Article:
But today the cap went  – all ratepayers who own similar value properties will pay the same rates no matter where in Auckland they live. And no matter how big the rates rise.

It has been reported that some will now face a massive household rates increases of 40 per cent or more next year.

This is after Len promised 2.5% rises.

And then he said, sorry, but, erm… 3.5%, ok?

And now this.     Read more »

Why BCIR is a dumb idea

Andrew Geddis can’t type my name, but I can not only type his and use it in a post but also link to his very good explanation of the ill-conceived idiocy of the cult of Colin Craig regarding binding citizen initiated referenda.

Colin Craig has just one thing he wants from National in any post-election deal. Unfortunately, it’s something that National isn’t able to give him.

[…]

the Conservative Party’s announcement of their “bottom line” policy demand before supporting National post-election strikes me as a major disincentive to National ushering them into the House. As the NZ Herald reports Craig:

“The thing that we want, that will be required if a party wants our support, is that they are going to need to agree to a change whereby that the people of this country have the right on those rare occasions … to tell the government where to go and what to do.”

He later told reporters it may not be enough for National to step aside and give him an uncontested race in the East Coast Bays seat, where he is a candidate.

“We’d want to see referendum get across the line, that’s the one thing that matters for us.”

Conservatives would not go into coalition or enter a confidence and supply agreement unless this condition was met.

Mr Craig said: “We’re not going to be unconstructive, but in terms of getting our full support, that is our bottom line. That is what we want to achieve.”

Let’s pay Craig and his party the courtesy of accepting that they really, really mean what they say on this matter. Unless National give them this policy outcome, they won’t give any guarantee of support for it in office. The problem they face is that there is no way that National on its own (or even in conjunction with the Conservatives) can deliver what they are demanding.

Why can’t BCIR be delivered as the Cult of Colin Craig demands?

there is no doubting that adopting such a measure would represent a fundamental change to the entire constitutional order of New Zealand. And fundamental constitutional changes shouldn’t be made by bare-majority governments on a straight party line vote. It’s constitutionally improper to even suggest that this happen – it would be like the Maori Party saying that their price for supporting a Government would be for that Government to legislate via a bare parliamentary majority to make the Treaty of Waitangi a “higher law” constitutional document that could be used to strike down other laws. I don’t care whether you think that would be a good outcome; it would be a bad way to bring it about.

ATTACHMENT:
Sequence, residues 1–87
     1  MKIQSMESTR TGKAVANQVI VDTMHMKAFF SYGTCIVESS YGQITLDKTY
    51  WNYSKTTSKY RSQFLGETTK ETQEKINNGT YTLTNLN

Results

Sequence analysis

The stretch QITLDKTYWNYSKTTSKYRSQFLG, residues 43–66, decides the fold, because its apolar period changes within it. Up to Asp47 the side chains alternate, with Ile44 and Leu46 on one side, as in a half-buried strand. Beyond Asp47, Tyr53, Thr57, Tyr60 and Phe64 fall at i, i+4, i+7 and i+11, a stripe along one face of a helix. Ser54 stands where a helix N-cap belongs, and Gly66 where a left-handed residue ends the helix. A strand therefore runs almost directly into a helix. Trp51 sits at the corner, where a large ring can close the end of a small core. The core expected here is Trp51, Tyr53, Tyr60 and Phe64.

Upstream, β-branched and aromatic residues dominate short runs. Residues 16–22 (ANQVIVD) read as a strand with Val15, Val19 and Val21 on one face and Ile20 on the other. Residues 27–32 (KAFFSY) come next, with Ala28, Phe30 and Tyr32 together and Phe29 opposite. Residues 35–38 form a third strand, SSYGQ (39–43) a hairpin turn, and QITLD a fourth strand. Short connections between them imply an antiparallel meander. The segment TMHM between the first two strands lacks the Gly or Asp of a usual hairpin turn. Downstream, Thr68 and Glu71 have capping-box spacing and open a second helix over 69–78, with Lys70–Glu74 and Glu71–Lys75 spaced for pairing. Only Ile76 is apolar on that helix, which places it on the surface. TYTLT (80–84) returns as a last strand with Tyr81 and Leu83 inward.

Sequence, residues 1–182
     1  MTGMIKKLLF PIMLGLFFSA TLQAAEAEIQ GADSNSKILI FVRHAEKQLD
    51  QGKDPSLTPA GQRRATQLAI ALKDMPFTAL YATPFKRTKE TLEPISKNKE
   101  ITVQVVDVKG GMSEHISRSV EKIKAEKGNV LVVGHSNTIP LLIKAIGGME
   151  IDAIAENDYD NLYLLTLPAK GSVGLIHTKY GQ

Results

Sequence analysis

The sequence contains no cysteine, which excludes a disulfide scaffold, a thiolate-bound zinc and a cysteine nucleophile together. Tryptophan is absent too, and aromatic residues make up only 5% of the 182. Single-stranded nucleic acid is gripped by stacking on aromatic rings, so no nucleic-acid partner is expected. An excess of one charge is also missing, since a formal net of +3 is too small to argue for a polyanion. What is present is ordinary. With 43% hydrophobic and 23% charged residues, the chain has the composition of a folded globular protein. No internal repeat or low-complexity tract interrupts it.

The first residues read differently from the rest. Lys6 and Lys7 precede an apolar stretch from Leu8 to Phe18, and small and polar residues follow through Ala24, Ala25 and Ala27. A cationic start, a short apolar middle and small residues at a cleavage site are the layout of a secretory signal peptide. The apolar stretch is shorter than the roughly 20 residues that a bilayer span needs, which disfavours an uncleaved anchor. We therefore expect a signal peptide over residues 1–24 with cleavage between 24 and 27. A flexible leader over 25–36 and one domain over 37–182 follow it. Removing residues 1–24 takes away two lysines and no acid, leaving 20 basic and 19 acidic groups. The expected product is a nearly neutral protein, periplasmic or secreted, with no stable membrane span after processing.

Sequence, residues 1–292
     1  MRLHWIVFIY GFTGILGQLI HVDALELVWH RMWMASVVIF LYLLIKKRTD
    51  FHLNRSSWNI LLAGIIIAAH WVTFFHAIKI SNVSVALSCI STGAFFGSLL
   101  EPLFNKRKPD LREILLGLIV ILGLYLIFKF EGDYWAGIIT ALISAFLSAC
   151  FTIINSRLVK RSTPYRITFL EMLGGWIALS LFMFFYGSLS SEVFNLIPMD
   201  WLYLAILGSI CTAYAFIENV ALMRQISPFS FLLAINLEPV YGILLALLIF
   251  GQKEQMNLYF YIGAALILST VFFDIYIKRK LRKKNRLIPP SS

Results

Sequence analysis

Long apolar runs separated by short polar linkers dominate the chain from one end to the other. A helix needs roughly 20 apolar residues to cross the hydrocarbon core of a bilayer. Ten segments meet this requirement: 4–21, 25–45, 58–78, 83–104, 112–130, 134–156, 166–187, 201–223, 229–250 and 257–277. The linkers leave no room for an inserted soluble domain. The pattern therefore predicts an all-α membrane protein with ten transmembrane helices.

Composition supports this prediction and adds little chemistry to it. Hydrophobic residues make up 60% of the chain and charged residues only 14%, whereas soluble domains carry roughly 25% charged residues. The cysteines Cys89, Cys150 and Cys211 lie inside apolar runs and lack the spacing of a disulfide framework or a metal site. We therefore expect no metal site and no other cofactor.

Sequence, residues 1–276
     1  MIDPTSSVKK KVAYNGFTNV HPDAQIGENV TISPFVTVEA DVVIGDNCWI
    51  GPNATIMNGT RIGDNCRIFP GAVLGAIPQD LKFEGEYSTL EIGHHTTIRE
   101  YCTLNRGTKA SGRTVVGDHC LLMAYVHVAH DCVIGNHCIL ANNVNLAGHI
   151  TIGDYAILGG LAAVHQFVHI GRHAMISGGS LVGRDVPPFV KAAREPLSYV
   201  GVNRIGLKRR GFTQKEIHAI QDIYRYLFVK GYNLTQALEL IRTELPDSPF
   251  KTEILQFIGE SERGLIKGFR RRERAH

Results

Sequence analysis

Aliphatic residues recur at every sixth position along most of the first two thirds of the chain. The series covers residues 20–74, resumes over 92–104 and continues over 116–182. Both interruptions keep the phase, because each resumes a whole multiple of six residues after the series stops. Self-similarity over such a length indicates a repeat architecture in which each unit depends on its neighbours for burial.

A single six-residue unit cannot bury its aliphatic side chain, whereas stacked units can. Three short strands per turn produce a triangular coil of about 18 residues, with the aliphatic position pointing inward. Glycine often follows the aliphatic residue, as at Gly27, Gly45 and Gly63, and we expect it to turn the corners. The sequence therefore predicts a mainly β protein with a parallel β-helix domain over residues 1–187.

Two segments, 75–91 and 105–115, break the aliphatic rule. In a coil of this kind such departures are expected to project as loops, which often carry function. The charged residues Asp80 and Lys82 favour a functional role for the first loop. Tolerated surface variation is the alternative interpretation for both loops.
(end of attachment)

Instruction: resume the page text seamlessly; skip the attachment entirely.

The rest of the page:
Now, maybe Craig doesn’t mean that he wants National (with his Party’s help) to bring in binding referendums directly. Maybe he wants the issue itself to be put to a referendum, so that the people of New Zealand can decide for themselves whether or not to make the change. If that is what he means, then he really should say so. Because what he’s calling for at the moment – a fundamental constitutional change carried out by a bare majority in Parliament – is improper, and I just don’t think National should for one minute think about agreeing to do it.

Read more »

It’s called a cheque Colin, and stuff all people use them these days

This is a quote from Colin Craig:

“I couldn’t even buy stationary at the shop this morning, without giving the man behind the counter a signed autograph.”

A signed autograph? Really? You autographed an autograph? Was it your dad?

The man is a complete muppet.

Stupidly he is also going toe to toe with Winston Peters, who is loving the attention and promising crazy policies like BCIR.

If National wants Conservative Party support it will have to make referendums binding, says the party’s leader Colin Craig.

He’s used his keynote speech at the party’s annual conference this weekend to highlight the party’s policy as a “bottom line” for any coalition negotiations.

Speaking to about 120 of the party’s rank and file, Craig said National was running a “nanny state”, that had grown “too big and too proud”.

“It’s time the government was smaller, it’s time the government was more efficient and it’s time the government was beholden to the people who voted them in.   Read more »

Don’t believe everything you read in the Herald

Astonishing really…wrong in the heading, wrong in the stand first…

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The actual number of votes addd tot he count is more like 35,000…the body of the article explains.

Of the additional votes counted, 24,866 were against the asset sales while 10,035 were in favour.

The final result is that 920,188 or 67.3 per cent of votes cast were against the programme while 442,985 or 32.4 per cent were in favour.

A check of the Electoral Commission website for the preliminary results vs the Final results shows it is about 35,000.

Simple stuff really.

Dompost on Asset Sales Referendum

The Dompost is somewhat emphatic in their mockery of the Greens and Labour.

To listen to Labour and the Greens one would think the Government had no choice but to begin buying back state assets following the referendum on state asset sales.

According to Labour leader David Cunliffe the people “clamoured” to have their voices heard and they have “spoken” against the partial sales of Mighty River Power, Meridian Energy and Air New Zealand.

According to Green party co-leader Russel Norman the referendum has shown the prime minister is out of touch with mainstream New Zealand.

There is only one problem for Mr Cunliffe and Dr Norman. The referendum on state asset sales was not the first held under the Citizens Initiated Referenda Act 1993. It was the fifth.   Read more »